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Air Traffic Controllers stay away from Ogle

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Air Traffic Controllers stay away from Ogle

Unread post by bimjim » Thu Jan 15, 2009

http://www.kaieteurnews.com/2009/01/14/ ... from-ogle/

Air Traffic Controllers stay away from Ogle
January 14, 2009
By Rustom Seegopaul

The Ogle Air Traffic Control Tower was unmanned yesterday.

The Ogle Airstrip Air Traffic Control (ATC) Tower was yesterday unmanned, as three of the controllers reported sick and the others were unwilling to work above and beyond the call of duty, largely due to a situation where monies are owed to them by the Guyana Civil Aviation Authority (GCAA).

Given the lack of personnel in the ATC Tower yesterday, incoming and departing aircraft from Ogle apparently followed local procedure, which they normally do when the ATC Tower at Ogle is unmanned.

They contacted the Cheddi Jagan International Airport (CJIA), Timehri, to plot their flight paths, but this was only done when they were airborne.

One controller at CJIA said that this placed additional pressure on the controllers there, because of the reduced time to plot the flight plan.

He said that when the air traffic controllers are on duty at Ogle, they would file the flight plan even before the aircraft starts up.
It was a similar arrangement when aircraft sought clearance to land at the Ogle Airstrip.

Speaking with staffers of the Ogle Airstrip, this newspaper was told that different radio frequencies are used between Ogle and the CJIA. The air traffic controllers at the CJIA switch between frequencies when the Ogle ATC Tower is unmanned and they would communicate with the respective aircraft.

This results in an added workload for the already overworked air traffic controllers at Timehri.
Added to this, it was reported that, oftentimes, the ATC Tower at Ogle is unmanned between 06:30 and 07:00 hours if the air traffic controllers are late for work.

The Ogle Airstrip does not operate after dark.

Owner of Roraima Airways, Captain Gerald Gouveia, in an invited comment, said that the ATC Tower at Ogle not being manned by any air traffic controllers was not unusual. “You have to remember that Ogle is not an international airport, and the incoming flights will just make contact with Timehri,” said Gouveia. “So, it’s not really that big of a deal.”

Repeated attempts to reach the Director of the GCAA, Zulficar Mohammed, for a comment proved futile, and the Minister of Public Works, Robeson Benn, said that he would not comment on the issue until he was fully briefed on it some time today.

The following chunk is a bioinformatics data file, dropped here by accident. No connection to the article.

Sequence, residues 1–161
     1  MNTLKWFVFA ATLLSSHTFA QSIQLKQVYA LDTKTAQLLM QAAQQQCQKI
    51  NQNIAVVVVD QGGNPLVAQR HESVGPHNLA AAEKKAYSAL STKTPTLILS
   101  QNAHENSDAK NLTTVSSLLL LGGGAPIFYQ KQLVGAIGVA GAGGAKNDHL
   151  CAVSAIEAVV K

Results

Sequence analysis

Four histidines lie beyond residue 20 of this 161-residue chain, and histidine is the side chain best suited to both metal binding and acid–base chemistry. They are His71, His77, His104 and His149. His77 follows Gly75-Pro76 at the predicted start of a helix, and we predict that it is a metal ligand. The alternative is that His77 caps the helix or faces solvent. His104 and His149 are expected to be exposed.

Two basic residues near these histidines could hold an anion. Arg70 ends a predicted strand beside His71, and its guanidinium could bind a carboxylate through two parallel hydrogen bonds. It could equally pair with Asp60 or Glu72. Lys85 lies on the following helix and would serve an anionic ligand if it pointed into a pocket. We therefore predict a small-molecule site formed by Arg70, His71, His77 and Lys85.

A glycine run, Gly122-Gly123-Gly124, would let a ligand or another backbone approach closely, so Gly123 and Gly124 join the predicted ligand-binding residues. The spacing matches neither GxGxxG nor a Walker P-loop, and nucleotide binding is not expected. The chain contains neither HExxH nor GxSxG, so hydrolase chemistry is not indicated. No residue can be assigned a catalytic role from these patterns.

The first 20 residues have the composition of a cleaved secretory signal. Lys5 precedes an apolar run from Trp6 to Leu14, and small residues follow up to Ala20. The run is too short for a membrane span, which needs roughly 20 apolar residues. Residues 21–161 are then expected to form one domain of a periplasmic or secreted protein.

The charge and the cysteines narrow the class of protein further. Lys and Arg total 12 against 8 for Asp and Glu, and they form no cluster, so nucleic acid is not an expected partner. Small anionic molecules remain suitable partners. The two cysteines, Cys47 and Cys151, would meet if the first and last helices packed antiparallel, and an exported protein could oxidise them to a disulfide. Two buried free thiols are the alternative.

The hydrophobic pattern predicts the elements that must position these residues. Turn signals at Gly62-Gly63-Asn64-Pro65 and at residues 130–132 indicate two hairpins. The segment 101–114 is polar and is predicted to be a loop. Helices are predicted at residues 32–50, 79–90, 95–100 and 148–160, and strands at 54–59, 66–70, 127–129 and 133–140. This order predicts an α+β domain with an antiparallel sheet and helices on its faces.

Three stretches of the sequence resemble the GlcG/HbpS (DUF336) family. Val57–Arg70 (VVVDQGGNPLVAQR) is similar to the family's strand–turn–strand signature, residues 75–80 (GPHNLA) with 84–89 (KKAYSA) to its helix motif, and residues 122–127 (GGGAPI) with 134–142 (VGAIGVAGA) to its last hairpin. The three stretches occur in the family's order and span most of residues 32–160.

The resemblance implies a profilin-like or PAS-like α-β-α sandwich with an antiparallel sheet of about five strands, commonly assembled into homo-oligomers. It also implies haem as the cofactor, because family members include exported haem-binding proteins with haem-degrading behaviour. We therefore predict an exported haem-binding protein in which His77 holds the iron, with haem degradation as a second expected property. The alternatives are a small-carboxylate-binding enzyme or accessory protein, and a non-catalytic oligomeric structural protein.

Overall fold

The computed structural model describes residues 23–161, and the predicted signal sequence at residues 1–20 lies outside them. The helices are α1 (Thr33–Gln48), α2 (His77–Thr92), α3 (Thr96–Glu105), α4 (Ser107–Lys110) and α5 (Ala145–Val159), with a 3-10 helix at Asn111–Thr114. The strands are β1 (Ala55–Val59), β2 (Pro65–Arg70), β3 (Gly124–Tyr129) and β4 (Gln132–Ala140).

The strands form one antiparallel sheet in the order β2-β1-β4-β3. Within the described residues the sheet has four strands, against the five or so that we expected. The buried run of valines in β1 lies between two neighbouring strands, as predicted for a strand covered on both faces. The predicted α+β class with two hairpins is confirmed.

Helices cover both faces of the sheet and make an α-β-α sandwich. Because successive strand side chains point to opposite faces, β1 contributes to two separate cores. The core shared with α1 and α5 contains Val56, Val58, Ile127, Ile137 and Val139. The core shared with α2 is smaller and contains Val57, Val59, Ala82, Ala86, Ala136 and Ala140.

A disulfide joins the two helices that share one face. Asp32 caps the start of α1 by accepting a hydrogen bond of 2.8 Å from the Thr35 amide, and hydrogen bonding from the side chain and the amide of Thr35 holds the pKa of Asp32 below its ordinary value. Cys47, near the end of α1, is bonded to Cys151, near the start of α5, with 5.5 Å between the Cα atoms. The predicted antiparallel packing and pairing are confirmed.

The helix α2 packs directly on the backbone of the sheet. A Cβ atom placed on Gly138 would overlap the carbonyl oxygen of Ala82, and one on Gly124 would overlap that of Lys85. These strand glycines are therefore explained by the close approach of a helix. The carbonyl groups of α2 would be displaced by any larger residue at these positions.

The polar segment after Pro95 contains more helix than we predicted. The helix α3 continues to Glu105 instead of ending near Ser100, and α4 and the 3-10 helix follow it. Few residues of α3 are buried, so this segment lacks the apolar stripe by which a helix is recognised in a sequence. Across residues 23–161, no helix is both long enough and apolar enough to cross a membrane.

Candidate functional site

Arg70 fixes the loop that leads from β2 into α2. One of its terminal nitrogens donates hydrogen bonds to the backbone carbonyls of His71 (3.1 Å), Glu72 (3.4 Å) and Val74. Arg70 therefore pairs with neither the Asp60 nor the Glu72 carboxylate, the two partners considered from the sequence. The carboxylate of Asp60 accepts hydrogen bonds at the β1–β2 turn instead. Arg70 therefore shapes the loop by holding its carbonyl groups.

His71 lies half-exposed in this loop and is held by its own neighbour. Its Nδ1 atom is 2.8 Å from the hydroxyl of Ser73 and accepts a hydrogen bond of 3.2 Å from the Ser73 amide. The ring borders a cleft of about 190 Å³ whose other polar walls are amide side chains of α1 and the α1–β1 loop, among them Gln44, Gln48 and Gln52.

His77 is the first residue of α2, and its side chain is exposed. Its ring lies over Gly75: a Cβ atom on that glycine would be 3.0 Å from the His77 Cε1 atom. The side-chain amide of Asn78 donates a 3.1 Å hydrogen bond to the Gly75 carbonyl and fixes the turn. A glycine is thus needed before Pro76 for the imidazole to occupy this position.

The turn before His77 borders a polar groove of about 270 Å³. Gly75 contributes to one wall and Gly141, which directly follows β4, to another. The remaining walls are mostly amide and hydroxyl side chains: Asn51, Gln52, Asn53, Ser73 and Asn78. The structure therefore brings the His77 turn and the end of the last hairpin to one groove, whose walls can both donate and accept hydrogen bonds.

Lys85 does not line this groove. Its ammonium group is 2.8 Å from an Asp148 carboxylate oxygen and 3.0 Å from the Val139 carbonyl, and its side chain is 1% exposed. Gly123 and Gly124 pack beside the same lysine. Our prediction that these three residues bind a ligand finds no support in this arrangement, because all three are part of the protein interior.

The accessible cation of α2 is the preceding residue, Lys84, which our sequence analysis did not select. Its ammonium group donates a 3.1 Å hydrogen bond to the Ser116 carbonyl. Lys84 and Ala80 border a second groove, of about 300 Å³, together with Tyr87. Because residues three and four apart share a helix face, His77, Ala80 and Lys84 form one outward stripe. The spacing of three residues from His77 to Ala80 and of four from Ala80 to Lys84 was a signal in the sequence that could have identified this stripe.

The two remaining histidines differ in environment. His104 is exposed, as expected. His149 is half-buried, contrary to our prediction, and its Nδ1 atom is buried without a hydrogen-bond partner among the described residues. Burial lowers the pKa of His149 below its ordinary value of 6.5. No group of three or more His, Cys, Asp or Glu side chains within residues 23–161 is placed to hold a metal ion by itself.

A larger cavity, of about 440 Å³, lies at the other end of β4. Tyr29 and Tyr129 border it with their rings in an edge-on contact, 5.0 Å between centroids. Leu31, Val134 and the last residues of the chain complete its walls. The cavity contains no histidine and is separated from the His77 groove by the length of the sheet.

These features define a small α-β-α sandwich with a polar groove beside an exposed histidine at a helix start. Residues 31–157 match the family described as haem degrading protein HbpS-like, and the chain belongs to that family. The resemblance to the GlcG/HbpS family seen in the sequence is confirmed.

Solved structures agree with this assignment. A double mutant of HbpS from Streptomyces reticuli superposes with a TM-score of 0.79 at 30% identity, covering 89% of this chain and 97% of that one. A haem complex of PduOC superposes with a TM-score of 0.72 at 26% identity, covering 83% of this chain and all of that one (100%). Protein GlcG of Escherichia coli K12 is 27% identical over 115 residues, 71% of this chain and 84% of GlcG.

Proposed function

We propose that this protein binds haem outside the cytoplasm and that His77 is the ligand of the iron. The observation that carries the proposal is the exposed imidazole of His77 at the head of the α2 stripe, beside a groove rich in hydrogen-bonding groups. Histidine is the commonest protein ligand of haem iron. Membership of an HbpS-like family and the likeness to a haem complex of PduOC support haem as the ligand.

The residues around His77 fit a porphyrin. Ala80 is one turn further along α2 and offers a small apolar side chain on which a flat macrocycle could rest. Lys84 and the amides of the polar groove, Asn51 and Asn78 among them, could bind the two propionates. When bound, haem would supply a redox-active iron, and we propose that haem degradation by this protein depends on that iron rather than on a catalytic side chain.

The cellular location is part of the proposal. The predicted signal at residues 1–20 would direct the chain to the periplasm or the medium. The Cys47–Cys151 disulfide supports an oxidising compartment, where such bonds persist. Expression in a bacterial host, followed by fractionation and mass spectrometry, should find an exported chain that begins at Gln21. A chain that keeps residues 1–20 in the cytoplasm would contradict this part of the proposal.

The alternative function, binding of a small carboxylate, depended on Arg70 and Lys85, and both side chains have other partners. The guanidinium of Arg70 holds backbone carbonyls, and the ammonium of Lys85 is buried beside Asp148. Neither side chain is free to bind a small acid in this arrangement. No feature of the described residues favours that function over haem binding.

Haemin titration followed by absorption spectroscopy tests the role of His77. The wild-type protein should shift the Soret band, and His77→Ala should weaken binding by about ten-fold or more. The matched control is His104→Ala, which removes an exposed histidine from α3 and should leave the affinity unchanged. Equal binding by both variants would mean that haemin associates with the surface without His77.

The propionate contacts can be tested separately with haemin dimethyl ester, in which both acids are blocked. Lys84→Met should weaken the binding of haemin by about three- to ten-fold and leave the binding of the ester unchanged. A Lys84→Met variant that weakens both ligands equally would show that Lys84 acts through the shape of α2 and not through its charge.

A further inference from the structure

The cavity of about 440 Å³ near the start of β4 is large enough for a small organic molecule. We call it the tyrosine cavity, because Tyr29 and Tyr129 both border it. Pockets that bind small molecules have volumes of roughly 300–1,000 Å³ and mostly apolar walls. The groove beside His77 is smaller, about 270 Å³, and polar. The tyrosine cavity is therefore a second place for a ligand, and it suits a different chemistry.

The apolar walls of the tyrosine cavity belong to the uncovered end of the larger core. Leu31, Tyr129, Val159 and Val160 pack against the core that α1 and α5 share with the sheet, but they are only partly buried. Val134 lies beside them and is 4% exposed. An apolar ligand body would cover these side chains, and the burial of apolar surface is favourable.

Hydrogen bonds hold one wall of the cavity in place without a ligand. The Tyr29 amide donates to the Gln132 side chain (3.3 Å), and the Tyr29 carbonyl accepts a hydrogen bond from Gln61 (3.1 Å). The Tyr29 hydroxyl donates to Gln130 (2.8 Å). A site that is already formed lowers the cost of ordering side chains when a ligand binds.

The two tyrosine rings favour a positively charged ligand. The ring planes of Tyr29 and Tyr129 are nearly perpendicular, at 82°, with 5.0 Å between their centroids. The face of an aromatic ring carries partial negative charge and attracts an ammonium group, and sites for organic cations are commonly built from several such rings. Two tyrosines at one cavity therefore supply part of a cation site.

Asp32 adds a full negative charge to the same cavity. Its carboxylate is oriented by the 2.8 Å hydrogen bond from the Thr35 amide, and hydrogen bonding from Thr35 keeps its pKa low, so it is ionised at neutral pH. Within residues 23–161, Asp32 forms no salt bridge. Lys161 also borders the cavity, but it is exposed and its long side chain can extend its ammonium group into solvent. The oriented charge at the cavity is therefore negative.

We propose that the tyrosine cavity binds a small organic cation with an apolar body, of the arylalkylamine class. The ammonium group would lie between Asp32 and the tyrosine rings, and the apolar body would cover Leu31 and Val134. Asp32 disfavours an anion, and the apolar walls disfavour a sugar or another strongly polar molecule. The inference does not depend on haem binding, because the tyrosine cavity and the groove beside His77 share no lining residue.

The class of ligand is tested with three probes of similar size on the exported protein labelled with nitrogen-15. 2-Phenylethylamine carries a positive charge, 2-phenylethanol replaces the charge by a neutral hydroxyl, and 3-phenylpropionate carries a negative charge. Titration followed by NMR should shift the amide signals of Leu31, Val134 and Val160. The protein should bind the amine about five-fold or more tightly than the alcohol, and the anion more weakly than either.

The air traffic controllers had been threatening strike action over monies owed to them by GCAA.

They accused the GCAA of unfairly deducting various sums from their pay packets. The GCAA had said that funds were not immediately available, and that the matter would have been resolved as soon as the administration had attended to the GCAA bank balances.

The air traffic controllers sought the intervention of Minister Benn, who ruled that, instead of paying some members of staff monies dating back to several years, he would have paid a non-prejudicial, one-off bonus.

Since this sum would have represented a decrease in their emoluments, the Guyana Association of Air Traffic Control Officers (GAATCO) rejected the offer and threatened industrial action. Some of the workers immediately reported sick.
Following this, the Government decided to pay the air traffic controllers.

The air traffic controllers are contending that, after they agreed to resume duties, Minister Benn reneged on his commitment and decided that there would be no increase in their remuneration.

There were reports that the GAATCO had signed to this effect, but officials of this entity debunked such rumours, saying that they had never seen, much less agreed to, the arrangement.

This is just another one of the problems facing the ATCs of Guyana, adding to the deplorable condition of the equipment in the ATC Tower at the CBJ International Airport.

A near mid-air collision of an outbound Caribbean Airlines (BW 484) aircraft and an inbound Delta Airlines (DAL 383) flight prompted an investigation into the workings of the ATC Tower at Timehri, and it was discovered that much of the equipment at present in the ATC Tower, including the electronic displays for the barometer, temperature and wind gauges, is reportedly not working.

The Distance Measuring Equipment (DME) at the airport is also said to be unserviceable. The runway lighting control panel in the ATC Tower is also said to have been unserviceable since 2004.

The equipment is expected to arrive at the middle of this year, following a tender for an approximate cost of $666 million.
In addition to replacing equipment in the ATC Tower at the airport in Timehri, the bid also includes training for air traffic controllers on how to use the new equipment.

“The existing (Air Traffic Control) ATC system in Guyana is not safe, and it is not the fault of the persons tasked with operating the system,” said Gregory Fox, the captain who conducted the investigation into the near collision of the aircraft.

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